An honest and emotional message will attract the eyes – and more
importantly, hearts – you need to keep your organisation running, in terms of volunteers, the public, and potential avenues of funding.
The thing to remember is that advertising – writing, design, printing, etc. – is a program expense. It is not overhead.
Build a little into each budget, watch each project grow, and add more money to the bottom line over time. That will directly equate to better programs, better access to funding, better public perception, and at the core of it, better service to the people you are there to represent.
Posters are easy. We all make them because they are cheap, someone on the board has a nephew who has a copy of Photoshop, and they are disposable.
Most folks jam every point from the minutes of the last board meeting on there, staple them up around downtown, and wait for them to get covered up by whatever band is playing next week. Disposable.
The difference is advertising – not necessarily more, but better. Your message will reach your audience if it is carefully crafted. Thoughtful and creative is more effective than shouting loudly.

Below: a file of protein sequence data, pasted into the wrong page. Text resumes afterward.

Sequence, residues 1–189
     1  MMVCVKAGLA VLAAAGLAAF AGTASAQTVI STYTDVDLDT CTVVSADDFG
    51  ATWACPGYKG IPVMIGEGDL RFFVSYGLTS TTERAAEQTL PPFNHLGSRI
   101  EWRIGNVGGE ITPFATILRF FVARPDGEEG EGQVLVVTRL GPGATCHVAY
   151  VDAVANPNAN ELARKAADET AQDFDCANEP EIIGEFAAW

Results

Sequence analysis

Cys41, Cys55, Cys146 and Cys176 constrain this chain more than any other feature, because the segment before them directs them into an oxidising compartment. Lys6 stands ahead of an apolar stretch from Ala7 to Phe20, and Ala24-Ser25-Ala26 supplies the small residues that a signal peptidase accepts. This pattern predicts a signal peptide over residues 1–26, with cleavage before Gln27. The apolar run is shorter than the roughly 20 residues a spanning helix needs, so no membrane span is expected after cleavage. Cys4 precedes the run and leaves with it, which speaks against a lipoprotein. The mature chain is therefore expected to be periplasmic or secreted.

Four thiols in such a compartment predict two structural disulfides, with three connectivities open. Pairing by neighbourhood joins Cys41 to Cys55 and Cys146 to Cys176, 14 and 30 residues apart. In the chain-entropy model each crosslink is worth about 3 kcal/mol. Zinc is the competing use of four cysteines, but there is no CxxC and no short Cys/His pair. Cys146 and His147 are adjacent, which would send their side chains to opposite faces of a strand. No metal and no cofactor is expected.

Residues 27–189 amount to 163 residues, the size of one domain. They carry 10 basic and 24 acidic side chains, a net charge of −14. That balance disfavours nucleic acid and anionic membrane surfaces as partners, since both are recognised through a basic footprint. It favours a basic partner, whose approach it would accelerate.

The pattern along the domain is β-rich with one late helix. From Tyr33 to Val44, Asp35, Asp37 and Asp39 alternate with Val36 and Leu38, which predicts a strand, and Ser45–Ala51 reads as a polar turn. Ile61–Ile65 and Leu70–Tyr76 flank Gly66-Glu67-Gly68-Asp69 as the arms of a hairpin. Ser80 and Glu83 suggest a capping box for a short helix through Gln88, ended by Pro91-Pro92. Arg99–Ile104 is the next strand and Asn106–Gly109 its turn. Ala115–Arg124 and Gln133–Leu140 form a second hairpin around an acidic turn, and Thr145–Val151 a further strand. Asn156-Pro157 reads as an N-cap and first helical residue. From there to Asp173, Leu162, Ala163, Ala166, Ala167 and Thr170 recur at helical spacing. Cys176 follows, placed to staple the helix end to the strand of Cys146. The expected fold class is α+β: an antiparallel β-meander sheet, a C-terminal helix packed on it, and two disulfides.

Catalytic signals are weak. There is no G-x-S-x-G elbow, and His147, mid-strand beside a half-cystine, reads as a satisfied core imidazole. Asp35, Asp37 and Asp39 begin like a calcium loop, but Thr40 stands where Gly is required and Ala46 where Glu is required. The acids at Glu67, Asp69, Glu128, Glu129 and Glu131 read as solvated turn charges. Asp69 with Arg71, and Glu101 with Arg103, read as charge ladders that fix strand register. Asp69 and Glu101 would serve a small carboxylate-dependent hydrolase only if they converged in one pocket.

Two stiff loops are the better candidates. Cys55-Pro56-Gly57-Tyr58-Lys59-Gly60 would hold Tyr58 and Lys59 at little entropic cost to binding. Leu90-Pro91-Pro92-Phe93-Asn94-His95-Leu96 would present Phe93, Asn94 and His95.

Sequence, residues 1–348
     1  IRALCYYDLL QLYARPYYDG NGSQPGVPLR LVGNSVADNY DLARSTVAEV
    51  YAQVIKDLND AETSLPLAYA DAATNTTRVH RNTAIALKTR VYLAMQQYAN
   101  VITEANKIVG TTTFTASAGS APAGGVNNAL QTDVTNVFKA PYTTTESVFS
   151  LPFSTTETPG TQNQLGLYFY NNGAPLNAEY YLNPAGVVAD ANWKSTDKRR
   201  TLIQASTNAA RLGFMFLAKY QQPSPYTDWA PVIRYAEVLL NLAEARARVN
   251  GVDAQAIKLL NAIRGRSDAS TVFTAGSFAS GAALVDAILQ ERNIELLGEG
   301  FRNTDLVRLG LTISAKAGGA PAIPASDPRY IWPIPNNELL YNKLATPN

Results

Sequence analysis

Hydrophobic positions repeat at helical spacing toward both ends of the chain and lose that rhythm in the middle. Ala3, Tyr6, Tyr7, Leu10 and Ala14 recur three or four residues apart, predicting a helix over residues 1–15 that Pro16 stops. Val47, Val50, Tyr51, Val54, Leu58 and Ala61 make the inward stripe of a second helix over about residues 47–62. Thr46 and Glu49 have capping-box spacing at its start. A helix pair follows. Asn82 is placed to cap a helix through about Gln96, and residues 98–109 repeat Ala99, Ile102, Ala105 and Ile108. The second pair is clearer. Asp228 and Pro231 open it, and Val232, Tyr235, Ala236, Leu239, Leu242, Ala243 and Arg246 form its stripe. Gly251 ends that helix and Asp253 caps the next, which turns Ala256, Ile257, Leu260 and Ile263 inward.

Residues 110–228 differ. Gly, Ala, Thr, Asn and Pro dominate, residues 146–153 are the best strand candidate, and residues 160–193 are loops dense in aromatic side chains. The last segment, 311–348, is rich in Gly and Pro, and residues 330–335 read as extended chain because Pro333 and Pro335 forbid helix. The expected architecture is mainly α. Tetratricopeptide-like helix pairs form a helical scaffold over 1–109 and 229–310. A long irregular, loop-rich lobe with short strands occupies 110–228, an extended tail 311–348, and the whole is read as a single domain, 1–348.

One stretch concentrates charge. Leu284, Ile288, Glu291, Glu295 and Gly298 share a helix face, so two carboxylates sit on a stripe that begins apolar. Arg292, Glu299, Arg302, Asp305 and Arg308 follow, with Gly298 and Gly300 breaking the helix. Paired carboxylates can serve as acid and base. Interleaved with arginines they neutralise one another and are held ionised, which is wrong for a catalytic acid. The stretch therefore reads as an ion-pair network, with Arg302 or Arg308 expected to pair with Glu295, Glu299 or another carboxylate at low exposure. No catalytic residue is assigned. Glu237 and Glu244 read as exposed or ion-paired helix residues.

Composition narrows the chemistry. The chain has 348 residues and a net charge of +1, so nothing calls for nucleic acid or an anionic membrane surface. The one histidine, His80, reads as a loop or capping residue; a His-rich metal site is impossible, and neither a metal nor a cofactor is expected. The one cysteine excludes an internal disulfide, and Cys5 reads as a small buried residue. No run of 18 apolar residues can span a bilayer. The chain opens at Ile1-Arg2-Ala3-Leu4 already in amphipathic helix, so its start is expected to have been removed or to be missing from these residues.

Good advertising gets good response. That’s why advertising shops, and people like me exist.
“Yes, but it’s expensive,” you say.
And it can be.
“Yes, but who has the time?” you’ll ask. Not you, beleaguered sole staff member. “Yes, but it’s hard to explain our needs to an agency that has far more lucrative projects on the go, and even though we think they want to help, with our budget, they don’t have the time to spend to really get us.”
But if you can find someone who will take the time to understand what you are doing, they will be able to be objective, look at it with a little distance, and be able to distill the important message that you know, but are too close to see.
As my mother would say, “No need to shout.”